The regulations require schools/BOCES to complete the testing in a prescribed manner. Using what’s called the “first draw testing method.”
What is first draw testing of school drinking water for lead?
The on again, off again nature of water use at most schools can raise lead levels in school drinking water. Water that remains in pipes overnight, over a weekend, or over vacation periods stays in contact with lead pipes or lead solder and, as a result, could contain higher levels of lead. This is why schools are required to collect a sample after the water has been sitting in the plumbing system for a certain period of time. This first draw sample is likely to show higher levels of lead for that outlet that what you would see if you sampled after using the water continuously. However, even if the first draw sample does not reflect what you would see with continuous usage, it is still important because it can identify outlets that have elevated lead levels.
What are the results of the first draw testing?
On September 22nd and again on September 29th, 2023, water sampling was conducted at the Sullivan BOCES Rubin Pollack Education Center Main Campus. Seventy-two outlets were tested for lead in drinking water, and only two outlets came back in exceedance of 5 ppb. They are:
Sample # Location Fixture Type Sample Results
M3 Special Education Kitchen 2 Bay Dishwash Sink, Right Faucet 17 ppb
M45 Culinary Kitchen Corner Coffee Sink by Pie Press 16 ppb
What is being done in response to the results?
Outlets M3 and M45 were immediately taken out of service upon receipt of the lab results. The water to both of these outlets has been turned off. M45 will be replaced with a new fixture, and we will re-sample the outlet to determine if replacement effectively lowered the lead level. M3 will remain out of service for the immediate future, until such time as it can be replaced. Outlets that tested with lead levels above the action level were removed from service. Outlets that tested below the action level remain in service with no restrictions.
What are the health effects of lead?
Lead is a metal that can harm children and adults when it gets into their bodies. Lead is a known neurotoxin, particularly harmful to the developing brain and nervous system of children under 6 years old. Lead can harm a young child’s growth, behavior and ability to learn. Lead exposure during pregnancy may contribute to low birth weight and developmental delays in infants. There are many sources of lead exposure in the environment, and it is important to reduce all lead exposures as much as possible. Water testing helps identify and correct possible sources of lead that contribute to exposure from drinking water.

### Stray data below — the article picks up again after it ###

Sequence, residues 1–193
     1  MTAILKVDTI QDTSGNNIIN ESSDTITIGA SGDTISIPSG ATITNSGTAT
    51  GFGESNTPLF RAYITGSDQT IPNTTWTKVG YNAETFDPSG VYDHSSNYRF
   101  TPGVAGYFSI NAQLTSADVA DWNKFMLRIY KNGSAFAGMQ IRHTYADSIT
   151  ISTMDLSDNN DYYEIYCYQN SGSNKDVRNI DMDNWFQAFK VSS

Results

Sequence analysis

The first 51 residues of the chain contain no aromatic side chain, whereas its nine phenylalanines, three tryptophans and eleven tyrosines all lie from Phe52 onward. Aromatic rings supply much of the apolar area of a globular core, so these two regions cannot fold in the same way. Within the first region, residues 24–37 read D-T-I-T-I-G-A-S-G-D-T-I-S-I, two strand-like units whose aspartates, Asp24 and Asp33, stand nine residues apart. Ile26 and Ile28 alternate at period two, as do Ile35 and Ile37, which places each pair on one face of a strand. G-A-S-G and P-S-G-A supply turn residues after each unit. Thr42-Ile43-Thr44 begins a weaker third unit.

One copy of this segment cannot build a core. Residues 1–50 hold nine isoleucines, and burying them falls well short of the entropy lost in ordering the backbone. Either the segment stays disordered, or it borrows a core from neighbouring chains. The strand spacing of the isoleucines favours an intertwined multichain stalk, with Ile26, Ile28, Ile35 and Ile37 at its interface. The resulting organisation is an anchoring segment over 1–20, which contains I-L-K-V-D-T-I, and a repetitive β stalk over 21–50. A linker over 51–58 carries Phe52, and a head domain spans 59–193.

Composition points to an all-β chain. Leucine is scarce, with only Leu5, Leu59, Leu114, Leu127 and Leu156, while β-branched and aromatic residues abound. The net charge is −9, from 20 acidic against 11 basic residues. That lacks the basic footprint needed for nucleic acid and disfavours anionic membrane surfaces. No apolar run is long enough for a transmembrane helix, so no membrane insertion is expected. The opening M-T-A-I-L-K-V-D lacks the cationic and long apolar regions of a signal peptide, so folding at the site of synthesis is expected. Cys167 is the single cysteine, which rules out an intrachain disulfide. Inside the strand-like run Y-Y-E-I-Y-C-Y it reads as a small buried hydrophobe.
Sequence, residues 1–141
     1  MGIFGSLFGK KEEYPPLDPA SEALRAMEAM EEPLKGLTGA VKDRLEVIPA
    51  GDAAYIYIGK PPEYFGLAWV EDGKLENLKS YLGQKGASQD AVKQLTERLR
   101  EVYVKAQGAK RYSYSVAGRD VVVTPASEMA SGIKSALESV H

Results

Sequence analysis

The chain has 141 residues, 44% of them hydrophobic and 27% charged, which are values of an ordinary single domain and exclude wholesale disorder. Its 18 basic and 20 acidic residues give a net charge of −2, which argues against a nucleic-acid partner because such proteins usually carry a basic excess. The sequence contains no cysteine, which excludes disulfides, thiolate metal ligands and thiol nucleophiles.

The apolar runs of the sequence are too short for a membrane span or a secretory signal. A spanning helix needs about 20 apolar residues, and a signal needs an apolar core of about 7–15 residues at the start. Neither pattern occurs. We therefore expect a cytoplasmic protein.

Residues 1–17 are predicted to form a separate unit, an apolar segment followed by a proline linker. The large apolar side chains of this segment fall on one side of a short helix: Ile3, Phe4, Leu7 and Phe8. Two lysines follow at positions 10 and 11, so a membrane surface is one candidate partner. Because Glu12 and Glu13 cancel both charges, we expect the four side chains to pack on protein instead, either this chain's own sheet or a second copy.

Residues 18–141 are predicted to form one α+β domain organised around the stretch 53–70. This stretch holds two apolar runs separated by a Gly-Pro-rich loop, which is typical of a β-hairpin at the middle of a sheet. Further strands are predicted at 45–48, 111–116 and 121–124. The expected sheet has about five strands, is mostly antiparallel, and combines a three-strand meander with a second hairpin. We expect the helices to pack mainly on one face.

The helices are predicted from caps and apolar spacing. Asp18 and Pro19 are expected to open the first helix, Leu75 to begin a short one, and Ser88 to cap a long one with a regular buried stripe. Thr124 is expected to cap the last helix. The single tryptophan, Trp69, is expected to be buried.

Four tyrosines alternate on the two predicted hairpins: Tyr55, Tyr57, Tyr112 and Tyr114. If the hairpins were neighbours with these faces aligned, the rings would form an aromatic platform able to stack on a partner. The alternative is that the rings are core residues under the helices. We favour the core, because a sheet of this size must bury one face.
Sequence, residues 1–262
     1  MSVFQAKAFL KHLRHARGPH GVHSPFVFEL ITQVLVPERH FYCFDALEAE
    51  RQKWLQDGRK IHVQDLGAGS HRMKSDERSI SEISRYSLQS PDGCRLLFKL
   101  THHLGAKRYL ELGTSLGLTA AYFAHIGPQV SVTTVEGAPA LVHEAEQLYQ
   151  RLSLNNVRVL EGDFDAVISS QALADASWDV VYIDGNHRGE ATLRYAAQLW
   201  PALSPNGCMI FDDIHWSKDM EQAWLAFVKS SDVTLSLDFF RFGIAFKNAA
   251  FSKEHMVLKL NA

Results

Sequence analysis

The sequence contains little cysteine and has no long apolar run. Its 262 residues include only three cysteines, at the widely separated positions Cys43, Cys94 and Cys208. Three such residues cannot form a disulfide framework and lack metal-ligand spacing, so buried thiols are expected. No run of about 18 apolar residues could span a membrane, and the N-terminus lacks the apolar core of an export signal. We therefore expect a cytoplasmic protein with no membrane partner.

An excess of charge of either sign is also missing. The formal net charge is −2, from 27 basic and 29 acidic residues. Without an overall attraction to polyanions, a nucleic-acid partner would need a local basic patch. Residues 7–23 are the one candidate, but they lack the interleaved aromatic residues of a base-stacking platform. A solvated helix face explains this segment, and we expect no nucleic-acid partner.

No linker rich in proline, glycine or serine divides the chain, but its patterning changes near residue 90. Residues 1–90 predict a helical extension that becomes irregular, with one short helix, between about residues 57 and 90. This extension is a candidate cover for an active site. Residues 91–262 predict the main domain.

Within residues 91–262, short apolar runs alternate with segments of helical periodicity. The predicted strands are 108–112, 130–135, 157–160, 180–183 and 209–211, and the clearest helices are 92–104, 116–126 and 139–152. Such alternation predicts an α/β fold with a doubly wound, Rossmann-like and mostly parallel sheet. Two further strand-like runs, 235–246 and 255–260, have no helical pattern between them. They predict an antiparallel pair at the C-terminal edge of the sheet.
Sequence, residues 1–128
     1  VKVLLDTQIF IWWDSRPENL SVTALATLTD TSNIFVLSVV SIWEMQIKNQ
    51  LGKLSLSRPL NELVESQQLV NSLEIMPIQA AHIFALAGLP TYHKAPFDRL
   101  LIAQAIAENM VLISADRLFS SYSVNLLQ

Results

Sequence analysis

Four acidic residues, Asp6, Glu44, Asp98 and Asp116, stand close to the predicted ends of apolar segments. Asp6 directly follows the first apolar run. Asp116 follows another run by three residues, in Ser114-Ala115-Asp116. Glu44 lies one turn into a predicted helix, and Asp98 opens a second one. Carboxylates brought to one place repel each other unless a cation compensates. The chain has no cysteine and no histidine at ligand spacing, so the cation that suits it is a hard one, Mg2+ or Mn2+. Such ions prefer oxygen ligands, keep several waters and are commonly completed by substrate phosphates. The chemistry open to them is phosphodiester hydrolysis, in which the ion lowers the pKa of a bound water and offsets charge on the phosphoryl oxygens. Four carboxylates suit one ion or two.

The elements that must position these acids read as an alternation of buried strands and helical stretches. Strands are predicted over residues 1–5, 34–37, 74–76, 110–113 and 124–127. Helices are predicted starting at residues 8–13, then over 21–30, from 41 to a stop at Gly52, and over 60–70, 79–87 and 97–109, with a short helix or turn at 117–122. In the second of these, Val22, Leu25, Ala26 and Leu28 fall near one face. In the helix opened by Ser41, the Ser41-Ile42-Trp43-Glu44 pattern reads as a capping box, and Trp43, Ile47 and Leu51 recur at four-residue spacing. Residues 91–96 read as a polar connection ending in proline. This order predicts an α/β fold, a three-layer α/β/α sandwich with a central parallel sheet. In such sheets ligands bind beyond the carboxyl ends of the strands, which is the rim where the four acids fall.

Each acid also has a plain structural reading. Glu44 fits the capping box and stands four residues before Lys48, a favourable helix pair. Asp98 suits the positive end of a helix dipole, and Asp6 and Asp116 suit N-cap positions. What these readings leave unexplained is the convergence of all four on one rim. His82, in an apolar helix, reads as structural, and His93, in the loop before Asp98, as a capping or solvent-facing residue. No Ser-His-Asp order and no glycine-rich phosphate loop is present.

What are the other sources of lead exposure?
Lead is a metal that has been used for centuries for many purposes, resulting in widespread distribution in the environment. Major sources of lead exposure include lead based paint in older housing, and lead that built up over decades in soil and dust due to historical use of lead in gasoline, paint and manufacturing. Lead can also be found in a number of consumer products, including certain types of pottery, pewter, brass fixtures, foods, plumbing materials and cosmetics. Lead seldom occurs naturally in water supplies but drinking water could become a possible source of lead exposure if the buildings plumbing contains lead. The primary source of lead exposure for most children with elevated blood lead levels is lead based paint.
Should your child be tested for lead?
The risk to an individual child from past exposure to elevated lead in drinking water depends on many factors including but not limited to, a child’s age, weight, amount of water consumed and the amount of lead in the water. Children may also be exposed to other significant sources of lead including paint, soil and dust. Since blood lead testing is the only way to determine a child’s blood lead level, parents should discuss their child’s health history with their child’s physician to determine if blood lead testing is appropriate. Pregnant women or women of childbearing age should also consider discussing this matter with their physician.
For more information regarding the testing program or sampling results, contact: Mr. Gary B. Bowers II at 845-295-4110,
For information about lead in school drinking water, go to:
For information about NYS DOH Lead Poisoning Prevention Program, go to:
For more information on blood lead testing and ways to reduce your child’s risk of exposure to lead, see “What Your Child’s Blood Lead Test Means” http://www.health.ny.gov/publications/2526/